It goes without saying that there are spoilers in this review, so don't end up looking like one of Slippin' Jimmy's marks.
It's one step forward and two steps back for Kim this week, yet we start nowhere near New Mexico, and instead track an ice cream truck as it's pulled over while crossing the Mexican border into the US. After some checks by border control, the vehicle is allowed on its way, but after driving for some distance, the driver stops, hops out and retrieves a gun from a hiding place under a rock in the desert. He leaves a lollipop stick behind in the dirt, which joins several others showing this is a regular operation. Sneaky, but not the sneakiest thing we'll see this episode.
After the credits, we find Jimmy and Kim celebrating their plan to go solo at a low-rent hot dog stand called Dog House. Jimmy promises that once they're up and running, the meals will improve and implores Kim to put her resignation letter into Howard Hamlin's office that night so she can call Mesa Verde early and hold on to their business. But, as she reminds him, that's not how she intends to practice law.
Next morning, Kim meets with Howard in his office and while he's not surprised she's resigning, he is a little speechless when she tells him she's setting up her own firm instead of going with the offer at Schweikart. He figures Jimmy had something to do with, especially after McGill quit Davis & Main. And while Kim offers to pay off her student debts, Howard demurs, calling it their gift to her for all her hard work. She thanks him and leaves, hearing him call Mesa Verde the minute she's the other side of his office door. Sprinting through the HHM building, Kim makes it to her own office, where she calls Paige at Mesa and tells her the news about her new position, while also checking they're still on for a lunch meeting.
Mike is spending another night staking out the ice cream cafe where he met Tio. All seems quiet and calm, but then Tio pulls up in a car after the cafe closes and goes into the back. Mike makes a note.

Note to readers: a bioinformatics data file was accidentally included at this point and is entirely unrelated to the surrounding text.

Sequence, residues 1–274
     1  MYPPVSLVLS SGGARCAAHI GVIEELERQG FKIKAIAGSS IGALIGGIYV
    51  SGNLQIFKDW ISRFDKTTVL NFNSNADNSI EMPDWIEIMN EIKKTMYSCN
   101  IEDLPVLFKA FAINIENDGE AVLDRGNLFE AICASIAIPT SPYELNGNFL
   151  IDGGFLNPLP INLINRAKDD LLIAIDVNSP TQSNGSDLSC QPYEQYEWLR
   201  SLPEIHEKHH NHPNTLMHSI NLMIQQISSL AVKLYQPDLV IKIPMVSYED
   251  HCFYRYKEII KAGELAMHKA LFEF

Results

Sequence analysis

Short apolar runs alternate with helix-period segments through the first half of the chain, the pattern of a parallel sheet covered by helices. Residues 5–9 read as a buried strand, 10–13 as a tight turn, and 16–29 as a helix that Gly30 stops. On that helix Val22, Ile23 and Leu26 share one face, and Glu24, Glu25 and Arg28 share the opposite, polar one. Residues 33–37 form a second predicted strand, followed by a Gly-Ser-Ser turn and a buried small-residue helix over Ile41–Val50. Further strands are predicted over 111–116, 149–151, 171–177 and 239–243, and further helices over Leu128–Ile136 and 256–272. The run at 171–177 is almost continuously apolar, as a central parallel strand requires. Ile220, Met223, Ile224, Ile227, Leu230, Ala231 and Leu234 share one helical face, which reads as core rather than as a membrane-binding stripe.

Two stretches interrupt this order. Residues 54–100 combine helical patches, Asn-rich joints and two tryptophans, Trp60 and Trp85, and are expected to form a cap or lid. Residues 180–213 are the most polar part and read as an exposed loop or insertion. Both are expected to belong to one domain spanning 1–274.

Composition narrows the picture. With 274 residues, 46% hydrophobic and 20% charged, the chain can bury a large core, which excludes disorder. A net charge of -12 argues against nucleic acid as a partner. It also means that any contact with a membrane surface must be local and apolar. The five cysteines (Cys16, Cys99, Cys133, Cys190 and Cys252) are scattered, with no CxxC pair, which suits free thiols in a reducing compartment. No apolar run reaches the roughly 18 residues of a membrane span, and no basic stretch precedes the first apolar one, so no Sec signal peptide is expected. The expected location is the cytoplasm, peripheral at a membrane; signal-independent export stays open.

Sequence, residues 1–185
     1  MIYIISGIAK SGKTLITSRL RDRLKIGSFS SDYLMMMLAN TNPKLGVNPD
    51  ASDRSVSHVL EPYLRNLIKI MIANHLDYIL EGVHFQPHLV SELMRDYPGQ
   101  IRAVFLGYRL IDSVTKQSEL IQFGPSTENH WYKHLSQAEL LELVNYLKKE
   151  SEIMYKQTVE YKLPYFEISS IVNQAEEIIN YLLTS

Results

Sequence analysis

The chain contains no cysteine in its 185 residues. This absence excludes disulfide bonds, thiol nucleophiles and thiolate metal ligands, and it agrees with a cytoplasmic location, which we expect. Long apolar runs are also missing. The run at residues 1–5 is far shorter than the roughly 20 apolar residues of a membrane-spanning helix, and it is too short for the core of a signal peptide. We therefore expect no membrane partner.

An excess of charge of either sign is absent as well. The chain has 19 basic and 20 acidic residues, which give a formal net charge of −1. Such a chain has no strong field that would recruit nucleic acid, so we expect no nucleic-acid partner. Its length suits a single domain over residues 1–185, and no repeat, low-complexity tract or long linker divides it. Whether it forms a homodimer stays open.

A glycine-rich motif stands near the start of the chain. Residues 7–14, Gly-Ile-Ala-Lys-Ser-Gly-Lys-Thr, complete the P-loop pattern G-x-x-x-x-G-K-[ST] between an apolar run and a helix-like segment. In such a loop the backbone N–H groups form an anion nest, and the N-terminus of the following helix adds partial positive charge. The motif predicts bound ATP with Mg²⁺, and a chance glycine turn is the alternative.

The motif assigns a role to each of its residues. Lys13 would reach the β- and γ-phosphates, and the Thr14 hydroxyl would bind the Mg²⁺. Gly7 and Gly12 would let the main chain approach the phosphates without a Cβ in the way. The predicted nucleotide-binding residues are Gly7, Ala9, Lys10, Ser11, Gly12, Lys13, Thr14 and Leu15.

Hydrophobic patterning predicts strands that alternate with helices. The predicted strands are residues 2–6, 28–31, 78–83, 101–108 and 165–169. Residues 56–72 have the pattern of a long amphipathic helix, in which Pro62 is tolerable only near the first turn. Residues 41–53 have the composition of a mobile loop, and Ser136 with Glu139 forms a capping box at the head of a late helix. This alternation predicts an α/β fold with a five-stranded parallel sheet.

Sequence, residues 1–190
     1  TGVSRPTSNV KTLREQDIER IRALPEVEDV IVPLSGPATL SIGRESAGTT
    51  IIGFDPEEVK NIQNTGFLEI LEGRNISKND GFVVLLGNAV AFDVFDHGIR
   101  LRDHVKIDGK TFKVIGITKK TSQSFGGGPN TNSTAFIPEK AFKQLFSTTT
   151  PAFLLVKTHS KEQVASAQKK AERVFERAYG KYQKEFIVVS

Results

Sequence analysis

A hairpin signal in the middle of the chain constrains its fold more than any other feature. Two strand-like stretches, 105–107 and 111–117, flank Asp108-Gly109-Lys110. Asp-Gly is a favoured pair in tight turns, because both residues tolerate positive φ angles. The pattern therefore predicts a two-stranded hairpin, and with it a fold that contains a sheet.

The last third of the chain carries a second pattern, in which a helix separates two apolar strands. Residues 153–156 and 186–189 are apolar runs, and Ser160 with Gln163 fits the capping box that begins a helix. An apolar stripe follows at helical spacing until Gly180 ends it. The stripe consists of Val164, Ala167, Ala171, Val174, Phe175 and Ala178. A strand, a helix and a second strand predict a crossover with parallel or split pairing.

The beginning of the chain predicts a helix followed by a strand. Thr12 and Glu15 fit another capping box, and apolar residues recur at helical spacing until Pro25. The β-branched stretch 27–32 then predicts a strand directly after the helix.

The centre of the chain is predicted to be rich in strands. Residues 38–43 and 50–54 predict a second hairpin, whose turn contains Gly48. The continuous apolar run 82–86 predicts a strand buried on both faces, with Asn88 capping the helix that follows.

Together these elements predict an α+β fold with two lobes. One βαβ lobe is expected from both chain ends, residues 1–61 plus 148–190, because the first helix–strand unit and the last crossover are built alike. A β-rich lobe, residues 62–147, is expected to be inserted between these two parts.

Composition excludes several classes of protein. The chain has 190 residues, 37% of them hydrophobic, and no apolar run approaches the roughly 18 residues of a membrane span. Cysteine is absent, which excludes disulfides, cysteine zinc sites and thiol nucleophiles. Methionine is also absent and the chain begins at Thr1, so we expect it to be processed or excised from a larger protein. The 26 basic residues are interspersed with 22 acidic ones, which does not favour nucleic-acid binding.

At her lunch meeting with Kevin and Paige from Mesa Verde the next day, Kim is on top form, soothing their concerns about her one-woman law firm's ability to handle the bank's merger with a metaphor about tailored suits that wins Kevin over. When she's done. Kim excitedly heads to see Jimmy at the office they're considering renting. It' used to be a dentists' offices, but aside from the implication of pain and suffering, would appear to be perfect for their needs. Kim tells Jimmy the news that Mesa looks to be a sure thing and he's delighted for her. They share a kiss and Kim agrees to rent the office space. Can they keep the dentist's chairs? Seems right for a law office, after all...
Chuck is at home when Howard comes to deliver the news that Mesa Verde's business, which only just walked in to HHM's offices is now about to walk out again with Kim. Howard asks for advice, but Chuck seems willing to go one better – he suits up and says he'll be there for the meeting. He shrugs off Howard's concern by saying all the lights should be on and everyone can keep their phones: this will be as normal as possible.
Yet when we find Chuck at the office, he's swathed in his space blanket, fending off the waves of electromagnetism. When Ernesto tells him that Kevin and Paige have arrived, he ditches it and goes to the meeting where in a display of just how cunning and charming he can be, he uses the idea that he and Howard are old and out of date to somehow spin the Mesa duo on their reliability. Quoting facts, figures and necessary information, Chuck's working all the angles, and he's incredibly convincing. This might be the sneakiest thing we've seen all episode.
Once the meeting is over, it's a different matter: exposure to his electromagnetic kryptonite has taken a toll on Chuck and he nearly collapses in the lobby. Ernesto is summoned to take him home.